The Nile has two major tributaries – the White Nile and the Blue Nile. The White Nile is traditionally considered to be the headwaters stream. However, the Blue Nile is the source of most of the water of the Nile downstream, containing 80% of the water and silt. The White Nile is longer and rises in the Great Lakes region. It begins at Lake Victoria and flows through Uganda and South Sudan. The Blue Nile begins at Lake Tana in Ethiopia and flows into Sudan from the southeast. The two rivers meet at the Sudanese capital of Khartoum. (Full article...)
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Sheikh Hassan Ahmed Abdel Rahman Muhammed al-Banna (Arabic: حسن أحمد عبد الرحمن محمد البنا; 14 October 1906 – 12 February 1949), known as Hassan al-Banna (Arabic: حسن البنا), was an Egyptian schoolteacher and imam, best known for founding the Muslim Brotherhood, one of the largest and most influential Islamic revivalist organizations.

Al-Banna's writings marked a turning-point in Islamic intellectual history by presenting a modern ideology based on Islam. Al-Banna considered Islam to be a comprehensive system of life, with the Qur'an and Sunnah as the only acceptable constitution. He called for Islamization of the state, the economy, and society. He declared that establishing a just society required development of institutions and progressive taxation, and elaborated an Islamic fiscal theory where zakat would be reserved for social expenditure in order to reduce inequality. Al-Banna's ideology involved criticism of Western materialism, British imperialism, and the traditionalism of the Egyptian ulema. He appealed to Egyptian and pan-Arab patriotism but rejected Arab nationalism and regarded all Muslims as members of a single nation-community. (Full article...)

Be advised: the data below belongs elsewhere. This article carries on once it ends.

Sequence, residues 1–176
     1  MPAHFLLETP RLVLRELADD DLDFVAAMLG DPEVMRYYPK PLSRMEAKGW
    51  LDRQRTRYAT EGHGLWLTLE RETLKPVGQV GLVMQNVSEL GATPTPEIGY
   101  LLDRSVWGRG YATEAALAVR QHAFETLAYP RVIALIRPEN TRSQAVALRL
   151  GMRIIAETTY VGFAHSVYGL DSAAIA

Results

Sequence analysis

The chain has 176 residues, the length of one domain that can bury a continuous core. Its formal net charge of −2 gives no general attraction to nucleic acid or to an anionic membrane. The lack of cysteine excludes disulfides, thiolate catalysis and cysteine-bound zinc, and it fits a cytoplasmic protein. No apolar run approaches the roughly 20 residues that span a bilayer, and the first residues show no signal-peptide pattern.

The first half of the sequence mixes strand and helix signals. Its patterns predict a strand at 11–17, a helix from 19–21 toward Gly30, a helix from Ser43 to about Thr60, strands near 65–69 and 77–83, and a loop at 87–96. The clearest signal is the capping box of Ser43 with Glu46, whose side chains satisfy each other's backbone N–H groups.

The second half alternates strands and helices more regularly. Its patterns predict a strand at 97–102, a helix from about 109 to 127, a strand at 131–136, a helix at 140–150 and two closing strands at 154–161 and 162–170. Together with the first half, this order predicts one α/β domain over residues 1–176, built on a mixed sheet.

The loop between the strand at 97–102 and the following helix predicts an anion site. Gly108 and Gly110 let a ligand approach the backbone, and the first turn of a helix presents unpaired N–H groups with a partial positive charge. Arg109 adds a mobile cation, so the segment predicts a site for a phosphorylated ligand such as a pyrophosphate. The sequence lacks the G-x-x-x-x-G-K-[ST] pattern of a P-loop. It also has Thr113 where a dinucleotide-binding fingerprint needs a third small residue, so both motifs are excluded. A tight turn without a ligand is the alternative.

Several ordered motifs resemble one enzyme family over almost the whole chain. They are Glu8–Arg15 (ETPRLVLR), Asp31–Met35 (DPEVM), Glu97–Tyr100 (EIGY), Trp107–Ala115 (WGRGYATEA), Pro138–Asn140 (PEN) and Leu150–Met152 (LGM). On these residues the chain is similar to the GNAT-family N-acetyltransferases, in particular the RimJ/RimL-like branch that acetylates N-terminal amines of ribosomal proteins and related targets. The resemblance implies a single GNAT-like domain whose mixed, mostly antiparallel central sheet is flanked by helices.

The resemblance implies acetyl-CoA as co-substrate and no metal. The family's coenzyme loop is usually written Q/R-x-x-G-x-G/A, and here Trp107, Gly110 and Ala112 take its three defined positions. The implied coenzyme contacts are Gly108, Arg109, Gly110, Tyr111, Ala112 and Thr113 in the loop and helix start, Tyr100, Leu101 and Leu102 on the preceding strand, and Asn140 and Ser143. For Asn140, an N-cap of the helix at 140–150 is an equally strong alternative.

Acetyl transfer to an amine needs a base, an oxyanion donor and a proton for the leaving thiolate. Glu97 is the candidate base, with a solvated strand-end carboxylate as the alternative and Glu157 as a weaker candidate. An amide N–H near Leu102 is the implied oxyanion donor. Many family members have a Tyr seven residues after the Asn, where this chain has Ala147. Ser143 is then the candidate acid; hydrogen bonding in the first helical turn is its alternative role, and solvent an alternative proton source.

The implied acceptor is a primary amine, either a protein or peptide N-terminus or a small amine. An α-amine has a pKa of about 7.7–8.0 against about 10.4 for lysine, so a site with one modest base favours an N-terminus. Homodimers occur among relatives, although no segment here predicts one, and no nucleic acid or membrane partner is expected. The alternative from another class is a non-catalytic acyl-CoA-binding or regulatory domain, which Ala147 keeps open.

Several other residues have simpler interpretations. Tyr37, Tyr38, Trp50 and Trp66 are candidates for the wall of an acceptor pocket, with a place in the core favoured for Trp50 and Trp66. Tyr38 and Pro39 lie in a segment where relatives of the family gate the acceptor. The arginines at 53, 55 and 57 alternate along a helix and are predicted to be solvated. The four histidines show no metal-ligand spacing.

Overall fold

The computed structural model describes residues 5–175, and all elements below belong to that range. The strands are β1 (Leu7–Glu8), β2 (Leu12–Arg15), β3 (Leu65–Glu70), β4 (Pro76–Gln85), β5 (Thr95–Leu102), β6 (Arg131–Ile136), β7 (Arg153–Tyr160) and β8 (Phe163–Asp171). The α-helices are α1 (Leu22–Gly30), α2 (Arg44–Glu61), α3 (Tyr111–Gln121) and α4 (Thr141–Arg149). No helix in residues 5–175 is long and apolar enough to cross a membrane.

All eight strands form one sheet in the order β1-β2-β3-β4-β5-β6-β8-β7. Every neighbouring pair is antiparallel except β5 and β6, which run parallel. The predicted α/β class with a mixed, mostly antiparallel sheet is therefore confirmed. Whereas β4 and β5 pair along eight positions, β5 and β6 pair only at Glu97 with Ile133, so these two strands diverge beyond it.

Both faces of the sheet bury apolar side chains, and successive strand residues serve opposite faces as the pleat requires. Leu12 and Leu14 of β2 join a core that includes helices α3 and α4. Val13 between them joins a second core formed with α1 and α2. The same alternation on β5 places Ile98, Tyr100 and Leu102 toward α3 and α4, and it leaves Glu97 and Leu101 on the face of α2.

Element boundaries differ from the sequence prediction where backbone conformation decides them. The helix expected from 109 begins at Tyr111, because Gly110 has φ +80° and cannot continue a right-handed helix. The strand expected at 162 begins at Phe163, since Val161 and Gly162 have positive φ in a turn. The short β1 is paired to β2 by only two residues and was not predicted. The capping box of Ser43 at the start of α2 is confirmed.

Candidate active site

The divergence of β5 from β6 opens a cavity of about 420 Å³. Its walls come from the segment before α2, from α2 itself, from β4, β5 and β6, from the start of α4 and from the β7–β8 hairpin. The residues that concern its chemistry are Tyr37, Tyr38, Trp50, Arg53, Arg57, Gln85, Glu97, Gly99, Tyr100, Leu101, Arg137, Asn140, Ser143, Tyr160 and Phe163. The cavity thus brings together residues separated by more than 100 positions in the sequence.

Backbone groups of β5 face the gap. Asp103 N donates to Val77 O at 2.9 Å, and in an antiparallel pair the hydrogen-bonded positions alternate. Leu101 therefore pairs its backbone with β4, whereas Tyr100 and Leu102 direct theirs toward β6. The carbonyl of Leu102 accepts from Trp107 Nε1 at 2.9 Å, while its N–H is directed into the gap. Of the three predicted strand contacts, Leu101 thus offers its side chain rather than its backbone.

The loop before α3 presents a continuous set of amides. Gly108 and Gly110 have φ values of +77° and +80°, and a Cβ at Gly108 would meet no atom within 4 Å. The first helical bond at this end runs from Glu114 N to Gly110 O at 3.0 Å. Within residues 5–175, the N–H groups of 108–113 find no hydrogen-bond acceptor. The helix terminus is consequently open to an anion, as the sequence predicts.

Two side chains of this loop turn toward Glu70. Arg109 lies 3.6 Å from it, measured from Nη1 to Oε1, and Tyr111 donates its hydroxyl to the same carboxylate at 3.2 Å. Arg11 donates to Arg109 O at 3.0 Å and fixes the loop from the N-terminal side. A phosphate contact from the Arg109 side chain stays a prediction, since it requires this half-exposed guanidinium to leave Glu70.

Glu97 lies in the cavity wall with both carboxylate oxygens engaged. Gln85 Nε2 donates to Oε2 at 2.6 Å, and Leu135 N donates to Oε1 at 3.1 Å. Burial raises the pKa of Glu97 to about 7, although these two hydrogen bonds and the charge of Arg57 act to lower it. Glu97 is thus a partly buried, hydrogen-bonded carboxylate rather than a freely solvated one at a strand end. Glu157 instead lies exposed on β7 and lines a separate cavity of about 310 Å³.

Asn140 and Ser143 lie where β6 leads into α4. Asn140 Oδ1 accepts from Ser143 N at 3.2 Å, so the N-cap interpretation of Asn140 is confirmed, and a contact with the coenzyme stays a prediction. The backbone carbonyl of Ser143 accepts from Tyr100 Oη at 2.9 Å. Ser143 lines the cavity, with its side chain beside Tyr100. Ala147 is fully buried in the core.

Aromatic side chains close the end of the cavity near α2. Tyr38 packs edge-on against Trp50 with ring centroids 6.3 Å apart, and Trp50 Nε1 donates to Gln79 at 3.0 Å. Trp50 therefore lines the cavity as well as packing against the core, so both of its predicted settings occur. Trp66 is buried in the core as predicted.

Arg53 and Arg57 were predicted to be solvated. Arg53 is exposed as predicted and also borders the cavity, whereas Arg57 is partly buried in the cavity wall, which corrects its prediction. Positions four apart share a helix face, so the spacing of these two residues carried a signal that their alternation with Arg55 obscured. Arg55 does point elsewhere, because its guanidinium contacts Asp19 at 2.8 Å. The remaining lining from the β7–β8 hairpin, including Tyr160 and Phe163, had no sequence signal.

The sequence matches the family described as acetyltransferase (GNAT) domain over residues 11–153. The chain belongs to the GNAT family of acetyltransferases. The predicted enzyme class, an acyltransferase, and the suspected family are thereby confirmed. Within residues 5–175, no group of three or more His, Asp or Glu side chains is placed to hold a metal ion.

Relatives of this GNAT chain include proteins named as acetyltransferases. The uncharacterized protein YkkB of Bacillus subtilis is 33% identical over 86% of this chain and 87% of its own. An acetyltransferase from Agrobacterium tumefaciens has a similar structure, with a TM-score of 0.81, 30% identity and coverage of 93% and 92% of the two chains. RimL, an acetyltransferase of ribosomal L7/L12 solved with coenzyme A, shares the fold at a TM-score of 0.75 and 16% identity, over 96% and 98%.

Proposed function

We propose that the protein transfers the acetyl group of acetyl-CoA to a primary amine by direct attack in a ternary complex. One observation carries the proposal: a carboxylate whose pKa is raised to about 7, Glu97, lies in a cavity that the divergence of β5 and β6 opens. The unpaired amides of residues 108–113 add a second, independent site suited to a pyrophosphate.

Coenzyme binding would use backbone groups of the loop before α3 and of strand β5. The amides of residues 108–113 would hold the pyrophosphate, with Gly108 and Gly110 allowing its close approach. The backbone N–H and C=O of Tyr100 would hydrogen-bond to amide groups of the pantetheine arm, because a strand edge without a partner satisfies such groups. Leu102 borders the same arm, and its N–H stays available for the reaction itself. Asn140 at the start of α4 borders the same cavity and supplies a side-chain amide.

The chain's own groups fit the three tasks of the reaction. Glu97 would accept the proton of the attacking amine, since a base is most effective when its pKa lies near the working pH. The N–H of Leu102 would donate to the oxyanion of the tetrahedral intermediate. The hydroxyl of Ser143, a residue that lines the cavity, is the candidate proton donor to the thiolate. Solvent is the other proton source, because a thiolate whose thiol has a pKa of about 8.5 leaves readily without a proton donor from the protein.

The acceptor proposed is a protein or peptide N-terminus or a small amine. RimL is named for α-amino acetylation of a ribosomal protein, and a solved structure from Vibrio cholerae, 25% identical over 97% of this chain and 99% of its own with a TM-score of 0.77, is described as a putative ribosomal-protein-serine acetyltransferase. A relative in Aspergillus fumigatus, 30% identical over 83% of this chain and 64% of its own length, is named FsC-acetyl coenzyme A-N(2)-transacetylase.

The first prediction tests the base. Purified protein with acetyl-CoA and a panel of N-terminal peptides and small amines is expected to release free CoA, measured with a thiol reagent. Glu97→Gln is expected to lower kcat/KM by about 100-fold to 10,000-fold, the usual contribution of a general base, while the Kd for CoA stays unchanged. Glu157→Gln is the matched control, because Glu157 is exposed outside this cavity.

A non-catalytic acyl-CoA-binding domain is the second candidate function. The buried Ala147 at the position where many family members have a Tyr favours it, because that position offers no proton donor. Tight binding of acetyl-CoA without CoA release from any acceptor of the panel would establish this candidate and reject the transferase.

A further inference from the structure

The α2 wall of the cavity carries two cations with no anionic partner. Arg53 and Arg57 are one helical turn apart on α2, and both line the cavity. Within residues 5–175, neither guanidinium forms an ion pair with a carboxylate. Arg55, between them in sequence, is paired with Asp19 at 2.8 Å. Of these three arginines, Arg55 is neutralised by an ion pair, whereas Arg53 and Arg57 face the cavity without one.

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A rural breakfast accompanied by eish baladi and eish shamsi
Eish shamsi (Egyptian Arabic: عيش شمسي), is a thick sourdough bread eaten in Egypt made with wheat flour. In Upper Egypt it replaces eish baladi as the local staple, although the latter is common as well. The name, which translates to "sun bread", is thought to derive from the practice of letting the dough rise in the sun. The bread is traditionally baked at home in domed clay ovens with openings at the top, although this tradition is fading with pre-made bread becoming increasingly common. (Full article...)

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  • ... that 995 graffiti from the Greco-Roman period (pictured) can be seen in the tomb of Ramesses VI, left by pilgrims. They include "I visited and I did not like anything except the sarcophagus!", "I admired!" and "I cannot read the hieroglyphs!"
  • ... that in 215 AD, Roman emperor Caracalla ordered all of Alexandria’s population to be massacred because they produced a satire mocking him?